Environment New Zealand 2007

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New Zealand’s geographic isolation and long period without human habitation allowed a unique natural environment to fl ourish. Our environment is known for the richness of its biodiversity, with more than 80,000 native animal, plant, and fungus species. As a result of New Zealand’s isolation, much of our fl ora and fauna are not found anywhere else on earth.  Humans are relatively recent additions to the New Zealand environment. The Polynesian ancestors of Mäori (the indigenous people of New Zealand) arrived here about 30 generations ago, with European settlement only occurring in the late 18th century.

Today, New Zealand is home to just over 4 million people, with an average age of 36 years. Most New Zealanders live in urban areas within 50 kilometres of the coast. Three out of four of us live in the North Island.  While our overall population density is low, it is high in major urban areas. New Zealand’s demography and the way it is changing have implications for both the way we live our lives, and the impact of our lifestyles on the environment. New Zealanders’ relationship with the environment is a defi ning feature of our national identity. We frequently use images of our natural scenery and rural heritage to present New Zealand to the rest of the world. Mäori have a particular relationship with the environment as tangata whenua (people of the land).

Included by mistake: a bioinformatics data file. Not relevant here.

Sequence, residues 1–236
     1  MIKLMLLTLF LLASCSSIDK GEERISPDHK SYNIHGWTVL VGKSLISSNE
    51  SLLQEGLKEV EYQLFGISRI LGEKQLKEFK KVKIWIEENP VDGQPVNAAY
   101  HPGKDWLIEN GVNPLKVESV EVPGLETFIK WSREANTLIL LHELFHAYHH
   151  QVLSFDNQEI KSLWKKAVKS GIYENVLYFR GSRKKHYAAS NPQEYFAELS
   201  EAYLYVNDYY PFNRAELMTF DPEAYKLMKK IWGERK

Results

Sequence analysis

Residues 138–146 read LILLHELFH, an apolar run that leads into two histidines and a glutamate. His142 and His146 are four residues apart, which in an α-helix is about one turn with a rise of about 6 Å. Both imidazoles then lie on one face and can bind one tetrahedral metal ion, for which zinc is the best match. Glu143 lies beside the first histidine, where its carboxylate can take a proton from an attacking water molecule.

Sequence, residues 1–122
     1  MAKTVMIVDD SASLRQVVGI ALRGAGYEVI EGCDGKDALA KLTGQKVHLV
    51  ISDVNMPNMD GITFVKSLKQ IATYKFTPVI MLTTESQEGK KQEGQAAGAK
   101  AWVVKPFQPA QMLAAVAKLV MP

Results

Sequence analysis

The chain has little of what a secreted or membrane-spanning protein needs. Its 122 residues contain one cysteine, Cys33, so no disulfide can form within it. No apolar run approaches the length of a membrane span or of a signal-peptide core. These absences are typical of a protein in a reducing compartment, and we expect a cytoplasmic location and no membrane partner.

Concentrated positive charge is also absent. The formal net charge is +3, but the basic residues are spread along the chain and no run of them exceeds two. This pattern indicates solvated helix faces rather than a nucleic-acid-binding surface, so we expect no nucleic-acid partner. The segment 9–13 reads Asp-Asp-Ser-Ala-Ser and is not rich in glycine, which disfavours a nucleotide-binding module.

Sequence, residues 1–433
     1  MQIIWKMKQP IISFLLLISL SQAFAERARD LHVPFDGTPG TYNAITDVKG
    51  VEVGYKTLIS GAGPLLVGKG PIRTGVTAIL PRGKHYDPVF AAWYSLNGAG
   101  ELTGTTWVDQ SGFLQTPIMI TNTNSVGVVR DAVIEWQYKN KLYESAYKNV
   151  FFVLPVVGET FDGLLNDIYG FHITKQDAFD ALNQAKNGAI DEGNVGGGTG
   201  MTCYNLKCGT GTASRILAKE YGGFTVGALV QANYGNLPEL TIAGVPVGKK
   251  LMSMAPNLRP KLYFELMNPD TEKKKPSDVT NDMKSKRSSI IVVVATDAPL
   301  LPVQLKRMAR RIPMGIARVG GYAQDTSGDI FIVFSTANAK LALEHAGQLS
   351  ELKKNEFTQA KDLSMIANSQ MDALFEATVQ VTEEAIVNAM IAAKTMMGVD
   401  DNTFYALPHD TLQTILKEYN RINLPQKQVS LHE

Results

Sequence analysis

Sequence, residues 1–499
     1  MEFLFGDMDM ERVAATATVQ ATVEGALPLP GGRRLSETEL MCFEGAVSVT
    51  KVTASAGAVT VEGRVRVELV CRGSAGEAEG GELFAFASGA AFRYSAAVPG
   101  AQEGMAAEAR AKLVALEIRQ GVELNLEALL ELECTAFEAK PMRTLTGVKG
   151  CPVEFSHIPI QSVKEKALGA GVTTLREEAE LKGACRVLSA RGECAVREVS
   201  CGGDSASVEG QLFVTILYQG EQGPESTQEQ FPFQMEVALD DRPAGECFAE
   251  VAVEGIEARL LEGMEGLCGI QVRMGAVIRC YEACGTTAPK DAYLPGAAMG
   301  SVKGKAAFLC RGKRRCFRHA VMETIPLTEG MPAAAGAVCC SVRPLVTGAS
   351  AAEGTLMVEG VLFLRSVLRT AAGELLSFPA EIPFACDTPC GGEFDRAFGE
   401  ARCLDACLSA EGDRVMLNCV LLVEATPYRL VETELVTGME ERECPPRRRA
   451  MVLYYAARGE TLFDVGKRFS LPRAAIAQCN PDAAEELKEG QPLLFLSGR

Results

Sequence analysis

Increasingly, New Zealanders perceive the environment to be not only our iconic wilderness and rural areas, but also the urban areas where most of us live and work.  New Zealand’s natural environment is fundamental to our economic and social well-being. Our stunning landscapes, forests, and productive agricultural and horticultural land generate a signifi cant part of New Zealand’s wealth. Careful stewardship of our natural landscapes and resources is therefore important: both tourism and our primary production sectors rely on New Zealand’s ‘clean and green’ reputation internationally.  Safeguarding the environment for future generations is becoming increasingly important to New Zealanders. Many of us are taking action to conserve the environment for future generations in ways that protect our economic well-being, social systems, and cultural wealth.

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